Links to get you started:
jesus... this is like the God post. thanks for this
 

gilan101

Pilot Wannabe
Yessir, it’s time for another obligatory post-exam synopsis post! In an attempt to spare y’all from spending hours upon hours scrolling back through this wonderful forum, like I did, I’ll try to cover all the pertinent: links, gouge, and personal intel in this here post...

First and foremost, a huge shout out and thank you to guys like: Popeye, Patrick, RhinoHornet, and others I’m surely missing (sorry!) for helping myself and other aspiring aviators attempt to attain their wings and affirm their affinity for flight. But enough alliteration, down to the juicy stuff.

1st attempt: 53 6/7/8
2nd attempt: Well, didn’t happen (as of now anyways) as my OR said these were good enough to proceed. Fingers crossed!!!

What did I use to study?
  • Barron’s “Military Flight Aptitude Tests” 4th Edition (yes, I drove to Barnes & Noble and bought it) (best used for studying: mechanical, physics, and aviation concepts as well as the (2) ASTB-E practice exams AND the (2) AFOQT exams)
  • McGraw-Hill “Conquering GRE Math” 3rd Edition (borrowed from my fiancee)
  • OAR Math Practice Guide: By Carlos Miro (google drive)
  • Peterson’s ASTB-E practice exam (Chapter 5) (google drive)
  • RhinoHornet’s dichotic listening simulator (see link)
  • ANIT practice test (google drive)
  • Popeye’s ANIT gouge (google drive)
  • Popeye’s Math gouge (google drive)
  • Patrick’s personal study guide (google drive)
  • Peterson’s practice test 4 (google drive)
  • Peterson’s practice test 8 (google drive)
  • Peterson’s practice test 3 (google drive)
  • “Aircraft Performance and Design” by John D. Anderson (textbook from a class I took during undergrad)
  • Quizlet flashcards (see link for jump off point)
  • Proprofs flashcards (see link for jump off point)
  • Purchased a Thrustmaster and played War Thunder via Steam (INVERT YOUR JOYSTICK)
  • Compass trick video (see link)
  • Khan academy
What did I bring on game day?
  • Birth Certificate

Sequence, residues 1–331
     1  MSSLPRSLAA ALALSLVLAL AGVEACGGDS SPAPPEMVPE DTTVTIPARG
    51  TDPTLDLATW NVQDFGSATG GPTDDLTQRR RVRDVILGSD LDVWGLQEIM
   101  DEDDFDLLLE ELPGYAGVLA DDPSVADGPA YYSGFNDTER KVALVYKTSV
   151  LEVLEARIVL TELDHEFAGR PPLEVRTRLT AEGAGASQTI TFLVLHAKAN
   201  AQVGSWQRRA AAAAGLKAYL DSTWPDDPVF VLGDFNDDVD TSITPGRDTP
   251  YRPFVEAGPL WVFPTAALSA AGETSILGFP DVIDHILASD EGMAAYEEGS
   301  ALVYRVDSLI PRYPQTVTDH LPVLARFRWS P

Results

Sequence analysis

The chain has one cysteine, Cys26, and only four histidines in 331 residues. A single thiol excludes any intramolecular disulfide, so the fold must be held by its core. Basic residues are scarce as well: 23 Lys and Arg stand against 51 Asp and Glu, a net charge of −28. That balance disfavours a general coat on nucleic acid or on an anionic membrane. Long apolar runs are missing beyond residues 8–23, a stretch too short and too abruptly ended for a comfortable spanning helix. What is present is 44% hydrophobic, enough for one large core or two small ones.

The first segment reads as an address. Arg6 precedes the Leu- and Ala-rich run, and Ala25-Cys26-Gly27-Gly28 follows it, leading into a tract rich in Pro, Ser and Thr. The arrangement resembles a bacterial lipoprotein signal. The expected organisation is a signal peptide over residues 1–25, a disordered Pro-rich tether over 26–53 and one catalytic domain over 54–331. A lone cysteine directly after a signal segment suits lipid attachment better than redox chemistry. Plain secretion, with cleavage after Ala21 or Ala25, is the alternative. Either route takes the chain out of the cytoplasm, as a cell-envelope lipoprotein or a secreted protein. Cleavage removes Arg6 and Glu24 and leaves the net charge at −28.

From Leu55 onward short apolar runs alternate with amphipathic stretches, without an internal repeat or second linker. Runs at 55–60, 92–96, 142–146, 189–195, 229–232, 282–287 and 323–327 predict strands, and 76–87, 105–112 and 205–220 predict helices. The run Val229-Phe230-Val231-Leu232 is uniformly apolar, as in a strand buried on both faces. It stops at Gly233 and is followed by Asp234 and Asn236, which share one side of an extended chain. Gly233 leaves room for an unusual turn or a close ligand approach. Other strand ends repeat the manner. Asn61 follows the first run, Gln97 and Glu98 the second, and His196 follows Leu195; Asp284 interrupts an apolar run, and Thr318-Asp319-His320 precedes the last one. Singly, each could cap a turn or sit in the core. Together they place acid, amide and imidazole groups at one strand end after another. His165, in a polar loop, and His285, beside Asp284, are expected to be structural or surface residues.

• SSN card
  • State issued driver’s license
  • Number 2 pencils
  • Big fat eraser
  • Large bottle of water
  • Bag of snacks (trail mix, crackers, etc.)
  • Piece of paper where I had written:
    • Compass trick!
    • Remember to write down emergency procedures!
    • (2) strips of paper: odd numbers on left side (throttle) and even numbers on right side (joystick)
    • During PBM: prioritize listening AND emergency procedures!
    • Accuracy over speed!
Formulas to actually memorize:
  • Pythagorean Theorem
  • Areas of polygons
  • Volumes
  • Newton’s three basic laws of motion
  • Total internal degrees of polygons (# of sides - 2 multiplied by 180 degrees)
  • D = RT (and its variations)
  • Degree to Radian and Radian to Degree conversion
  • Area/Arc conversions
Actual questions (straight from my scratch paper!):
  • 2(x-3) = y^2 + 1 (solve for x)
  • sqrt(3) + sqrt(27) (simplify)
  • cubedrt(1 - x) = 2*cubedrt(8 - 3x) (solve for x)
  • (2(x+2)^2)^2 - 6x + 2(x+2) / 4 (simplify)
  • (2x^2 + 8x + 8) (2x^2 + 8x + 8) (simplify)
  • log_5(32,768) = 5^x (solve for x)
  • Several other questions are just too long to type out. Topics include:
    • D=RT (was given multiple of these of different variations and varying difficulties)
    • Probability (was given a couple of these)
    • Perimeter and Area (was given a couple of these)
    • Exponents and Logarithms (was given a couple of these)
    • Series and Sequences (was given a couple of these)
    • F=ma (was given one of these)
    • V=IR (was given one of these)
    • Word problems (was given several of these)